Breast Cancer: Why Self-Exams Still Matter
When I was diagnosed with breast cancer in 1992, it was through a breast self-exam; that’s how I found my lump. It didn’t show up on a mammogram–and if I hadn’t been vigilant, it may have been too late. That’s why I believe early detection is key; to me, it’s just common sense.
But doing a breast self-exam isn’t always easy; it can be hard to know what you’re looking for. A product called Liv AidŽ makes it simpler, by acting as a sort of magnifying glass for your fingers, making it a lot easier to notice changes. This heart-shaped silicone device is filled with a non-toxic lubricant that reduces the friction between a woman’s fingers and her breast, so it easier to find changes.
To encourage more women to self-examine their breasts, this October I’m working with Curves to give away 1 million Liv AidŽ breast self-examination aids to women. Breast self-examination is an important step a woman can do herself as part of a regular breast health routine. This is an ideal combination of efforts since Curves encourages women to exercise and we know that obesity is one of the links to breast cancer. To find out more, go to Liv.com or Curves.com. To coincide with the Liv AidŽ campaign in October, the Liv.com site will be launched as a one-stop source for information, news and education about breast health and early detection, too.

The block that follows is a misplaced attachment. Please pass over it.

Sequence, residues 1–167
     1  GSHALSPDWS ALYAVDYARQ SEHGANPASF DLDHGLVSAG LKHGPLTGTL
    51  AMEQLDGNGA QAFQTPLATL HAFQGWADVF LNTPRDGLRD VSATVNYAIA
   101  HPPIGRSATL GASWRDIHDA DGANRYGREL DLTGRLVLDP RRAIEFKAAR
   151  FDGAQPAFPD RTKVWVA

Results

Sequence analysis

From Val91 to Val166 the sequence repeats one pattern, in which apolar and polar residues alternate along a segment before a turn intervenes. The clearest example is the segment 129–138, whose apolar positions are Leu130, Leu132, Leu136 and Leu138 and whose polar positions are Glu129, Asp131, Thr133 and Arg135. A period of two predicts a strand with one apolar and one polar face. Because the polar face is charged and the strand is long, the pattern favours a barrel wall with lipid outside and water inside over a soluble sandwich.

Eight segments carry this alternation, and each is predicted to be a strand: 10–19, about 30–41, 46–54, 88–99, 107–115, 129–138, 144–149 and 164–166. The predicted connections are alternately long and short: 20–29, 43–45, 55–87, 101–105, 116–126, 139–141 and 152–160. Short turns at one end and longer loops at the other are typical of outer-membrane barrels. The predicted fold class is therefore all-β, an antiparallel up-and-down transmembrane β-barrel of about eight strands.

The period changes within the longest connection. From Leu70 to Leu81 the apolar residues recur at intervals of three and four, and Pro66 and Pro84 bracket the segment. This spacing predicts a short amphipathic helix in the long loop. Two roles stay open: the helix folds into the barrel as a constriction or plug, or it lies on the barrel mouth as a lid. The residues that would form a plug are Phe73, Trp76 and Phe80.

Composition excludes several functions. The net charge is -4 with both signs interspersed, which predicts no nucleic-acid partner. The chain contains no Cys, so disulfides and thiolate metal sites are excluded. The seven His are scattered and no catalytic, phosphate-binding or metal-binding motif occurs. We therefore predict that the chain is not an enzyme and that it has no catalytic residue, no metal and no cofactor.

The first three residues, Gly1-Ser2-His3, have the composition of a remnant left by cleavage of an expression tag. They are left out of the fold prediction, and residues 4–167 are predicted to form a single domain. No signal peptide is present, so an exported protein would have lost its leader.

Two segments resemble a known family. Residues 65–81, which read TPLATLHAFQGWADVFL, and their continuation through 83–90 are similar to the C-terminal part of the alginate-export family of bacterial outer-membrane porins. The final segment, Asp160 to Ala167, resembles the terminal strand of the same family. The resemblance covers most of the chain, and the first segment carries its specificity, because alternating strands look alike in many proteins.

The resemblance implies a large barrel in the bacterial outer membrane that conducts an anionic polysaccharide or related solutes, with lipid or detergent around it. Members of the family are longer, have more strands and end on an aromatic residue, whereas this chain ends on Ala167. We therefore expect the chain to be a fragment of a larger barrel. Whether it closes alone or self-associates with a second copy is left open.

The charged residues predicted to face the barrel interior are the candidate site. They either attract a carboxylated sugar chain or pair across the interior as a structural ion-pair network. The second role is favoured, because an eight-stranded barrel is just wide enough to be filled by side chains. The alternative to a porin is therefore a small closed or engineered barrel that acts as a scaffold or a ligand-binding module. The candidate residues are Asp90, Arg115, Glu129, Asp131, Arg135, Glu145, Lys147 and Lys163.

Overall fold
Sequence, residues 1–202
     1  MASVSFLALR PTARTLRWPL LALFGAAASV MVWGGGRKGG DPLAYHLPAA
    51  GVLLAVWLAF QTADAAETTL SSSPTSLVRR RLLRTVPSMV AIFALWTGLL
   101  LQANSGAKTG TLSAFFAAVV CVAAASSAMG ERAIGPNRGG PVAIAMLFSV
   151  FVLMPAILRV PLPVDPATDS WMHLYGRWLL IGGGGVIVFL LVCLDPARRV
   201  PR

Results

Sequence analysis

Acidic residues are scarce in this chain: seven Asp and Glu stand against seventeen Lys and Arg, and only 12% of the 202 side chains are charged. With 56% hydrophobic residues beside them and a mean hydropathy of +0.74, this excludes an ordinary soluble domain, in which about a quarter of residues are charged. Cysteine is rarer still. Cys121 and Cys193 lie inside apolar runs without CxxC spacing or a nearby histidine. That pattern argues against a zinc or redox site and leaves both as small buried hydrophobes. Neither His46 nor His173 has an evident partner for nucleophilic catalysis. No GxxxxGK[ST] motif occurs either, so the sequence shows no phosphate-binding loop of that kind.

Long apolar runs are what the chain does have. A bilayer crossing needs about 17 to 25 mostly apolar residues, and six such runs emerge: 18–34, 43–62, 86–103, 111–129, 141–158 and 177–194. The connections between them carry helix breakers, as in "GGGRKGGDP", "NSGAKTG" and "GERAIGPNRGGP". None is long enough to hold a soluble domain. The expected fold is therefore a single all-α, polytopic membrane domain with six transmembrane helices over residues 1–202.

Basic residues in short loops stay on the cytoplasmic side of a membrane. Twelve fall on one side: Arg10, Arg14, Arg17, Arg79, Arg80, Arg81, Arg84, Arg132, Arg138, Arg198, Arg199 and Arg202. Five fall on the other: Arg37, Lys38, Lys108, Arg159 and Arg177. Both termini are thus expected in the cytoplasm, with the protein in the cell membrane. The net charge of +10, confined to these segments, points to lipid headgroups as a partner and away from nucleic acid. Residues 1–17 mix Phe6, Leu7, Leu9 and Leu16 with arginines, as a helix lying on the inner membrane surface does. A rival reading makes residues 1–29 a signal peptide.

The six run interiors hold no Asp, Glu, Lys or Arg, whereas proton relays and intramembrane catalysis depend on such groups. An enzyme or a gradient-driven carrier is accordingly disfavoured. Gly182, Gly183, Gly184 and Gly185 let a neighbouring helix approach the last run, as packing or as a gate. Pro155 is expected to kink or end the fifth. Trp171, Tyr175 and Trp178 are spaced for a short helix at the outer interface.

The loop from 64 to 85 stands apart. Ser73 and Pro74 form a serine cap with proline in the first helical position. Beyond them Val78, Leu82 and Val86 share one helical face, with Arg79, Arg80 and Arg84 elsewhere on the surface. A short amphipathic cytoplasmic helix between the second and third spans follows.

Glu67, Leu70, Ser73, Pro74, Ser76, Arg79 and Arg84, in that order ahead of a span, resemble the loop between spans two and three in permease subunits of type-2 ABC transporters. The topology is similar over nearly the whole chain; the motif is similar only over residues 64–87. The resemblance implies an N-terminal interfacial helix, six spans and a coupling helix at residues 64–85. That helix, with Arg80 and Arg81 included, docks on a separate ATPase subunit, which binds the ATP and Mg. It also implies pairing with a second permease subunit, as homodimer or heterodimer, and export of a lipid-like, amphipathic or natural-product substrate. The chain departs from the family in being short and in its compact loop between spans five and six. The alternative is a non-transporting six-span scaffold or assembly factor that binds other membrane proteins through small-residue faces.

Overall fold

Olivia Newton John’s newest CD Olivia Newton-John & Friends: A Celebration In Song debuted in September and proceeds from the album sales will benefit the Olivia Newton-John Cancer and Wellness Centre. For more on her efforts to raise funds for the Olivia Newton John Cancer & Wellness Centre, which will feature a full range of complementary therapies, visit www.GreatWalkToBeijing.com.
For more breast cancer articles, go to Intent.com. Intent is a new site providing content and a community for who you aspire to be–personally, socially and globally.
By Olivia Newton-John, from Intent